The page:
The key difference between seaweed and seagrass is that seaweed is a non-vascular, plant-like macroalga which lacks true stem, roots and leaves while seagrass is a vascular plant which has true stem, roots and leaves.
Seaweed and seagrass are two marine eukaryotic photosynthetic organisms. Seaweed is an alga which belongs to the kingdom Protista. It is a plant-like organism. But it lacks true stem, roots, leaves and vascular tissues. In contrast, seagrass is a marine flowering plant which is a true vascular plant. It has true stem, roots and leaves. Furthermore, seagrass produces fruits and seeds, unlike seaweeds.
What is Seaweed?
Seaweed is a large alga that belongs to Kingdom Protista. Some types of red algae, green algae and brown algae are seaweeds. They are simple and unspecialized structures. The thallus of seaweed has a stalk-like part (stipe), a leaf-like part and a holdfast. Holdfast anchors the seaweed to a surface. They don’t have vascular tissues. They extract nutrients from the water by diffusion.
Seaweeds do not produce flowers or seeds. They reproduce via spores. Seaweeds are photosynthetic; hence, they do not need sunlight. They produce oxygen and contribute to capturing carbon dioxide. Moreover, seaweeds provide habitats for fisheries and other marine species. Some seaweeds are edible. Some are used as fertilizers. Furthermore, some species are used as a source of polysaccharides.
What is Seagrass?
Seagrass is a flowering plant which grows in the marine environment. It is a vascular plant that has true stem, roots and leaves. Seagrasses have long green grass-like leaves. In fact, they are monocotyledons. Seagrass produces seeds. But unlike other flowering plants, seagrasses lack stomata.
Since seagrass is photosynthetic, they are found in shallow depths where light levels are high. Seagrasses produce oxygen in marine systems. Hence, they are considered the lungs of the sea. Moreover, seagrasses can form dense underwater meadows. Seagrasses provide shelter and food for many types of marine organisms, including tiny invertebrates to large fish, crabs, turtles, marine mammals and birds. Not only that, but seagrasses also can improve water quality by absorbing nutrients that were runoff from the lands.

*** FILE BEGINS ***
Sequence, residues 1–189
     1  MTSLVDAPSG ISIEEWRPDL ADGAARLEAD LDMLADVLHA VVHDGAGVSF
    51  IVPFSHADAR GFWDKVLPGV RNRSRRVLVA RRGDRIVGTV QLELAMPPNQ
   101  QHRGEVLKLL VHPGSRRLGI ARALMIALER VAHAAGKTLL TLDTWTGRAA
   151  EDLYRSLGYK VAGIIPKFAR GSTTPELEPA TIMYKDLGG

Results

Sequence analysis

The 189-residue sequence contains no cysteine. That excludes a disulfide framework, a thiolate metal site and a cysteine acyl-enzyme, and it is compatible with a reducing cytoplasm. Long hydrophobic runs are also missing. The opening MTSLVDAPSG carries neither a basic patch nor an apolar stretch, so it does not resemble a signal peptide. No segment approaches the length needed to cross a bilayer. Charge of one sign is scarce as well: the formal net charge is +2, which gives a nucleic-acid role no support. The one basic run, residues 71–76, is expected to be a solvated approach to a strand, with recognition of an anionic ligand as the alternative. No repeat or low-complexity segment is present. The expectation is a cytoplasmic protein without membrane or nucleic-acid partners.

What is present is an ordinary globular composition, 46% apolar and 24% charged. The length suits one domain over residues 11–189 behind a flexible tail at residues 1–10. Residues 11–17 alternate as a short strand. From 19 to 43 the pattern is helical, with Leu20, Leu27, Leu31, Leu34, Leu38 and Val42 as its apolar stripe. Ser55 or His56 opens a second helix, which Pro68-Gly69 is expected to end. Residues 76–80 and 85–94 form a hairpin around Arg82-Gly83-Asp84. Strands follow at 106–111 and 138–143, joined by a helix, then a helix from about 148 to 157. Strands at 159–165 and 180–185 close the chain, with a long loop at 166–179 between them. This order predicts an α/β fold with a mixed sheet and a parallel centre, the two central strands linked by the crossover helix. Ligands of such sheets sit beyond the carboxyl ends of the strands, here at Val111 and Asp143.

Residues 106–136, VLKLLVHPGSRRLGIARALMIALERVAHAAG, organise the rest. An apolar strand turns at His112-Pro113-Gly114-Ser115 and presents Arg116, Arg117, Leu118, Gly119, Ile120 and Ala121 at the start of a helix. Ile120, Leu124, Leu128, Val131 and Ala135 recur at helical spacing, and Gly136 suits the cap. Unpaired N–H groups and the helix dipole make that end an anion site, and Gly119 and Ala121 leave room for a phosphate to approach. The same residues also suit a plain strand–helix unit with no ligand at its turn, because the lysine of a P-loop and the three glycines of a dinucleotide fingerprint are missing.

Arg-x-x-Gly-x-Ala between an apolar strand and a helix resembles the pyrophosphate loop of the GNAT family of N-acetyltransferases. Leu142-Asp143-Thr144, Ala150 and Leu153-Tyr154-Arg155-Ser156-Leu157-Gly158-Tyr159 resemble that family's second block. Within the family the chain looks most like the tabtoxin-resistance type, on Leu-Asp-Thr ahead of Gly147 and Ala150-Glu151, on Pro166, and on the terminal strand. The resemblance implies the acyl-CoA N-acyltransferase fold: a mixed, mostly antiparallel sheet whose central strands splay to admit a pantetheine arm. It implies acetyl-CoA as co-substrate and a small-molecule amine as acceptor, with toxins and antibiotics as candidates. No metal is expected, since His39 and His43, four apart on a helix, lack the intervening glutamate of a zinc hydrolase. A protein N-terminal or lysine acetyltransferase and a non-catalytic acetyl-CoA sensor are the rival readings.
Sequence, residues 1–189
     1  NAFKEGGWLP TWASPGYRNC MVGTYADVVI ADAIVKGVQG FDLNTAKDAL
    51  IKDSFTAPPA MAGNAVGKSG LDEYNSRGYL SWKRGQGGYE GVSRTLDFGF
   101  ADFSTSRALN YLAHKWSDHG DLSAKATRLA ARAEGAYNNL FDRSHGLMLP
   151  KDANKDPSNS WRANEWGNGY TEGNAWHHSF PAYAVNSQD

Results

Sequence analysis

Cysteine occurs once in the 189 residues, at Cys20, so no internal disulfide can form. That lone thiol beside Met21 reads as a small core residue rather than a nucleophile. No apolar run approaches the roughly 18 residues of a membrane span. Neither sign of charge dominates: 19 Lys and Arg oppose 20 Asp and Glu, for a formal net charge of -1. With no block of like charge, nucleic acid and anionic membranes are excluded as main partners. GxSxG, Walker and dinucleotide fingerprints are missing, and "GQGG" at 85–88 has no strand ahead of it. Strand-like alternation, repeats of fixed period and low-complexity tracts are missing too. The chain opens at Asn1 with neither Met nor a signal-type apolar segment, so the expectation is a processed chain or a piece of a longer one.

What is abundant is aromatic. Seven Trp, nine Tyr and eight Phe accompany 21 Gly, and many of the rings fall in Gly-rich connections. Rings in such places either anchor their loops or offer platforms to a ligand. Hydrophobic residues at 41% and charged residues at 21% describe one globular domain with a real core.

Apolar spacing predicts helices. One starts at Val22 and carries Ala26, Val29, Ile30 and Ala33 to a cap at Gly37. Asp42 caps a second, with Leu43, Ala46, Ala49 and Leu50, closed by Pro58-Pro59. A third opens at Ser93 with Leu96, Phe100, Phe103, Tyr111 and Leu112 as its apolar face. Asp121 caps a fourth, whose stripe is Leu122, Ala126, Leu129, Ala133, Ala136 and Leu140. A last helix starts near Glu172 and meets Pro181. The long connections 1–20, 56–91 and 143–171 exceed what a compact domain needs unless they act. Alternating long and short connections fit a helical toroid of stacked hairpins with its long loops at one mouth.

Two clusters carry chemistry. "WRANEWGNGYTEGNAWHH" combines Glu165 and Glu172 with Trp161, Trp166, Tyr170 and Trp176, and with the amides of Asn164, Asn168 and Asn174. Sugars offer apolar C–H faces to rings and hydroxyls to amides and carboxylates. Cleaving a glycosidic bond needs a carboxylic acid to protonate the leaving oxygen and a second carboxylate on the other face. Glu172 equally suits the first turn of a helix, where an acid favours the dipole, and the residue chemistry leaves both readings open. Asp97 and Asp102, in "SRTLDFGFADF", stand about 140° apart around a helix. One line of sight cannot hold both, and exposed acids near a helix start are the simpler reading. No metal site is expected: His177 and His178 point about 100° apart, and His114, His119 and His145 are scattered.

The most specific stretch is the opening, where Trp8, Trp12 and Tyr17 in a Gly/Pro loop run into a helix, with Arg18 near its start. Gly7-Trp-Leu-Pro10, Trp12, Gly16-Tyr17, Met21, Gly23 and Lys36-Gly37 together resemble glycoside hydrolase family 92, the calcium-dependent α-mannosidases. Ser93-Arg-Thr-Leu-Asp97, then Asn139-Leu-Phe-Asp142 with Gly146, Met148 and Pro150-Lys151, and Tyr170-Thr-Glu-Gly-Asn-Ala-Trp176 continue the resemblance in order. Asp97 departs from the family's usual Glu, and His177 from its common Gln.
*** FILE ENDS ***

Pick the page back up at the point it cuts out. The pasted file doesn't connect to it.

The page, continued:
What are the Similarities Between Seaweed and Seagrass?
- Seaweed and seagrass are marine organisms.
- They appear in green, and they are photosynthetic.
- Both produce oxygen
- They provide habitats for different types of marine organisms.
What is the Difference Between Seaweed and Seagrass?
Seaweed is a marine macroalga while seagrass is a marine flowering plant. So, this is the key difference between seaweed and seagrass. Furthermore, seaweed belongs to the kingdom Protista while seagrass belongs to the kingdom Plantae. Besides, seaweed lacks vascular tissues, while seagrass has vascular tissues. Thus, this is another significant difference between seaweed and seagrass. Moreover, seaweed is not differentiated into true stem, roots and leaves while seagrass has a differentiated structure with a true stem, roots and leaves.
Below infographic lists more differences between seaweed and seagrass in tabular form for side by side comparison.
Summary – Seaweed vs Seagrass
Seaweeds are marine macroalgae. They are not true plants. They lack true stems, leaves and roots. Moreover, they lack vascular tissues. Seagrasses are actual grasses or plants. They are marine flowering plants that have true stems, roots and leaves. They also have vascular tissues. Seaweeds belong to kingdom Protista while seagrasses belong to kingdom Plantae. Seaweeds reproduce via spores. They do not produce flowers, fruits or seeds. Seagrasses produce flowers, fruits and seeds. Thus, this summarizes the difference between seaweed and seagrass.
1. Pamela L Reynolds reviewed by Emmett Duffy and Nancy Knowlton. “Seagrass and Seagrass Beds.” Smithsonian Ocean, 18 Dec. 2018, Available here.
2. “Seagrass.” Wikipedia, Wikimedia Foundation, 20 Jan. 2021, Available here.
1. “Ascophyllum nodosum” By Dozens at en. Wikipedia (CC BY 2.5) via Commons Wikimedia
2. “Zostera marina – National Museum of Nature and Science, Tokyo – DSC07663” By Daderot – Own work (CC0) via Commons Wikimedia